what i've assumed is that the feelings of equanimity/felicity and compassion are expressions of the actual qualities that are somehow 'polluted' with conceit/identity, and if one keeps cultivating the non-conceit side one moves more into the actual qualities. this interpretation seems to fit with what you and other people have said about the benefits of cultivating felicity and pure intent, but your response to wylo makes me wonder whether you still advise the cultivating of these feelings.

my question above might make it look like i am trying to trip you up or catch you in a contradiction, but really i just don't get how cultivating a feeling equanimity and trying to see the stress in desire are any different. this is relevant for me right now because i think of my practice as cultivating an attitude of non-reactivity, and this does result in tangible feelings of felicity/equanimity but what i really want to get to eventually is the end of desire, i want to make sure these things are on the same 'axis of development.'
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fivebells , modified 10 Years ago at 6/6/12 1:20 PM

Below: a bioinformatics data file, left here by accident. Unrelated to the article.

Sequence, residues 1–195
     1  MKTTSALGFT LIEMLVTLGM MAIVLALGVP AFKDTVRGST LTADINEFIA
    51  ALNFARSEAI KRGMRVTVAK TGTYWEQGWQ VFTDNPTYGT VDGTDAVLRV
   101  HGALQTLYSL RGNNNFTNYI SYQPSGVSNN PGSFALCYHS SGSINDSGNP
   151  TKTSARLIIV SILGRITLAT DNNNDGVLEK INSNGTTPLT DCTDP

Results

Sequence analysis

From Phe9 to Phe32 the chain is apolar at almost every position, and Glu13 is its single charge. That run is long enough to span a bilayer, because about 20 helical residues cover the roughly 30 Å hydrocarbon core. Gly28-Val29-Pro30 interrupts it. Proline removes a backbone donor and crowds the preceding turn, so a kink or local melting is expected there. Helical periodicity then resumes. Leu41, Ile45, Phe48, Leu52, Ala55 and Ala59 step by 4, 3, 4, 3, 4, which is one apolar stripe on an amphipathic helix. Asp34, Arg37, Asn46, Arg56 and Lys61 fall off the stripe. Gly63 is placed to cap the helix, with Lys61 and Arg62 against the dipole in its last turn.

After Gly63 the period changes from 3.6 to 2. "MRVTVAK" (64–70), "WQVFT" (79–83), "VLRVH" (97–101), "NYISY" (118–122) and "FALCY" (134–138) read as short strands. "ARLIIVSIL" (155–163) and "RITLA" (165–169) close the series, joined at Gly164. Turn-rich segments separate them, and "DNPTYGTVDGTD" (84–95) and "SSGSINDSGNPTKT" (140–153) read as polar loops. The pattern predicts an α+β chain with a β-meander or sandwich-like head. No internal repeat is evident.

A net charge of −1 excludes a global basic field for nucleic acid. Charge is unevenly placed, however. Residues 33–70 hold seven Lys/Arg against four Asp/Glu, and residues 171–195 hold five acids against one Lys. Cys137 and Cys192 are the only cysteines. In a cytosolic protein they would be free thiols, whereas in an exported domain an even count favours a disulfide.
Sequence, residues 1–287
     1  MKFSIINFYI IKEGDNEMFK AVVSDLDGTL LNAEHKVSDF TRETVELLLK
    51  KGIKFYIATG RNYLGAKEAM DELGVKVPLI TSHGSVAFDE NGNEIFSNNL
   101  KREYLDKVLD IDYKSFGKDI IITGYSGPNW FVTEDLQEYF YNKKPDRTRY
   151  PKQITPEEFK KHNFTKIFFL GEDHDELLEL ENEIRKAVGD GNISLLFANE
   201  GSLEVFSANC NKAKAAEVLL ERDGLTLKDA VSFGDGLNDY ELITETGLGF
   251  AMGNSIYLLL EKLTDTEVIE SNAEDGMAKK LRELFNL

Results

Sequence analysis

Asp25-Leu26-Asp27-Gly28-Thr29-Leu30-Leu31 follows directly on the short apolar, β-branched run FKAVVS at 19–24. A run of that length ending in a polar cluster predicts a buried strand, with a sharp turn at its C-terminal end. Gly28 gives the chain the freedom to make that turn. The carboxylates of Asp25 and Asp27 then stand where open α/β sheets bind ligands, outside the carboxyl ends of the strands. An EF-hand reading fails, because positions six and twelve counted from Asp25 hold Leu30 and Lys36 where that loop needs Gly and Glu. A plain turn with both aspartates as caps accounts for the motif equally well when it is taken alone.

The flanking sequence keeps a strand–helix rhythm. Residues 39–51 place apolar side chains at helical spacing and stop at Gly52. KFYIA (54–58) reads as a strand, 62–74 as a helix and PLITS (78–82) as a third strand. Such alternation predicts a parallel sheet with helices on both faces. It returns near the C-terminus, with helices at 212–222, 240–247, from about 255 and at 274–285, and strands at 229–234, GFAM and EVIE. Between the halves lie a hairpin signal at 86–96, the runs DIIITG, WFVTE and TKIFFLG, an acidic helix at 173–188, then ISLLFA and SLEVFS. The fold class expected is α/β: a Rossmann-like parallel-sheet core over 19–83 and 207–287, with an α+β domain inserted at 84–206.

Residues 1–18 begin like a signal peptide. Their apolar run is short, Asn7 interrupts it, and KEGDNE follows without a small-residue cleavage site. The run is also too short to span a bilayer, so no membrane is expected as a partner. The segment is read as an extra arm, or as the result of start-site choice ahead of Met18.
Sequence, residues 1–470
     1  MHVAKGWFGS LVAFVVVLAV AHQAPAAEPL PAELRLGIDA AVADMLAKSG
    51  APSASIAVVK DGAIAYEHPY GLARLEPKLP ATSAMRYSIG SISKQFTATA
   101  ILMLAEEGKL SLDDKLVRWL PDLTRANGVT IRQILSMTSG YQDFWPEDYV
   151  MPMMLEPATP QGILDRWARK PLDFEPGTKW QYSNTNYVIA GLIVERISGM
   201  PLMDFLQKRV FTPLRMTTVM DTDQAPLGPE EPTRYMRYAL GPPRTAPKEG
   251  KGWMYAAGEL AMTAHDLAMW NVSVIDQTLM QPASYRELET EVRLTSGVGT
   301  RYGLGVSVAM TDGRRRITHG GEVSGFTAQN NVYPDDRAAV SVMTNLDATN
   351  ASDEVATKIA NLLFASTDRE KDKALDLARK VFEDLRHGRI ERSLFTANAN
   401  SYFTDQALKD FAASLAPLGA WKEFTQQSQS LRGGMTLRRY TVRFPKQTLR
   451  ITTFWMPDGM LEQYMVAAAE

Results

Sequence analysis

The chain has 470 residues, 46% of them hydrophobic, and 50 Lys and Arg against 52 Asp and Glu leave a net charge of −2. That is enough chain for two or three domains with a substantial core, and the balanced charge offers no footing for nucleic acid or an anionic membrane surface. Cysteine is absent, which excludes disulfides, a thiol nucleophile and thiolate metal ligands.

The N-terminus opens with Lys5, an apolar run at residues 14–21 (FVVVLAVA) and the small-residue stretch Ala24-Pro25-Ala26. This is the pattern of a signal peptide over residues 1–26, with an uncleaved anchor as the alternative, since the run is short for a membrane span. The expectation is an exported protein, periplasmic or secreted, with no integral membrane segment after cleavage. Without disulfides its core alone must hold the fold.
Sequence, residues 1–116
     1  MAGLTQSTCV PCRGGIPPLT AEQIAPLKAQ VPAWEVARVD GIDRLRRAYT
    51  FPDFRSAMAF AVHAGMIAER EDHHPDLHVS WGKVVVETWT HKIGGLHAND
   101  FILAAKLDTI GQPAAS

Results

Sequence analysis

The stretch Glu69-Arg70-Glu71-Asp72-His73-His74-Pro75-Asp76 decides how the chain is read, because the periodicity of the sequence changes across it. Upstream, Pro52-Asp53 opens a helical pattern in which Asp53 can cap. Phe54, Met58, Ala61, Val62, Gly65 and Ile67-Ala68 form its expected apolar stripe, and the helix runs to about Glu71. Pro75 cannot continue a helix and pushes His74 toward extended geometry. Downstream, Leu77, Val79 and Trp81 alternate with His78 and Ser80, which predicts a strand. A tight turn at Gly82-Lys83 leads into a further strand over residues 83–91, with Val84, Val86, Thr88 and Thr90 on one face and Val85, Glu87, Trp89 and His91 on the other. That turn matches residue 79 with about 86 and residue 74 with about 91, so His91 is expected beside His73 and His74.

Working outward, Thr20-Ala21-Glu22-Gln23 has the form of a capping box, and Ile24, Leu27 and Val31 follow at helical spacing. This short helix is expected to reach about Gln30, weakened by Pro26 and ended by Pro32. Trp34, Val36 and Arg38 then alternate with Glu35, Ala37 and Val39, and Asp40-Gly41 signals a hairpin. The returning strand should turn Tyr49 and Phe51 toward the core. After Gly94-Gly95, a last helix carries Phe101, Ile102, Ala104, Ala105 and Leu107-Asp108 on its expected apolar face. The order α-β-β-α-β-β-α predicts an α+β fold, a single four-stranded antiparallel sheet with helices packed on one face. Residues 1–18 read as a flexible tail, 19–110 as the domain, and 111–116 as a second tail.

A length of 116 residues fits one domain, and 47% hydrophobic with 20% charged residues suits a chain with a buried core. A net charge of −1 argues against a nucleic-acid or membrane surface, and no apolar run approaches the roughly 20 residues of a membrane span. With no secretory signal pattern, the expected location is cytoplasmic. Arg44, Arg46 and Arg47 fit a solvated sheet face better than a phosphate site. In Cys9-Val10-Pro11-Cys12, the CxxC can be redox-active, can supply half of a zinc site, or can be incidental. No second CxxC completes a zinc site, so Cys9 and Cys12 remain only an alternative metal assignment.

Created 10 Years ago at 6/6/12 1:20 PM

RE: Ill will and trying to win

Posts: 563 Join Date: 2/25/11 Recent Posts
I'm curious about the practice of cultivating compassion by cultivating a sense of control. The way I learned, control is a corruption of compassion, and any imperative for control needs to be cut systematically, so this sounds like a very different approach.
Adam , modified 10 Years ago at 6/6/12 1:30 PM
Created 10 Years ago at 6/6/12 1:30 PM

RE: Ill will and trying to win

Posts: 613 Join Date: 3/20/12 Recent Posts
i didn't say cultivating compassion by cultivating a sense of control, and i wasn't really talking about a practice. just the general advice that if you can influence a situation such as the one wylo was talking about, do it compassionately, and if you can't change anything, then just be equanimous.
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fivebells , modified 10 Years ago at 6/6/12 3:38 PM
Created 10 Years ago at 6/6/12 3:38 PM

RE: Ill will and trying to win

Posts: 563 Join Date: 2/25/11 Recent Posts
Sorry for the misunderstanding.
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Richard Zen, modified 10 Years ago at 6/7/12 12:58 AM
Created 10 Years ago at 6/7/12 12:57 AM

RE: Ill will and trying to win

Posts: 1656 Join Date: 5/18/10 Recent Posts
All you can use is compelling logic. This logic comes from looking at things from both points of view. Is what you want someone else to do something you wouldn't do if you were the other person? Sometimes it's also good to find away to match what you want with what they want if at all possible. If it's a major problem then time for a new housemate. emoticon
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katy steger,thru11615 with thanks, modified 10 Years ago at 6/9/12 12:56 PM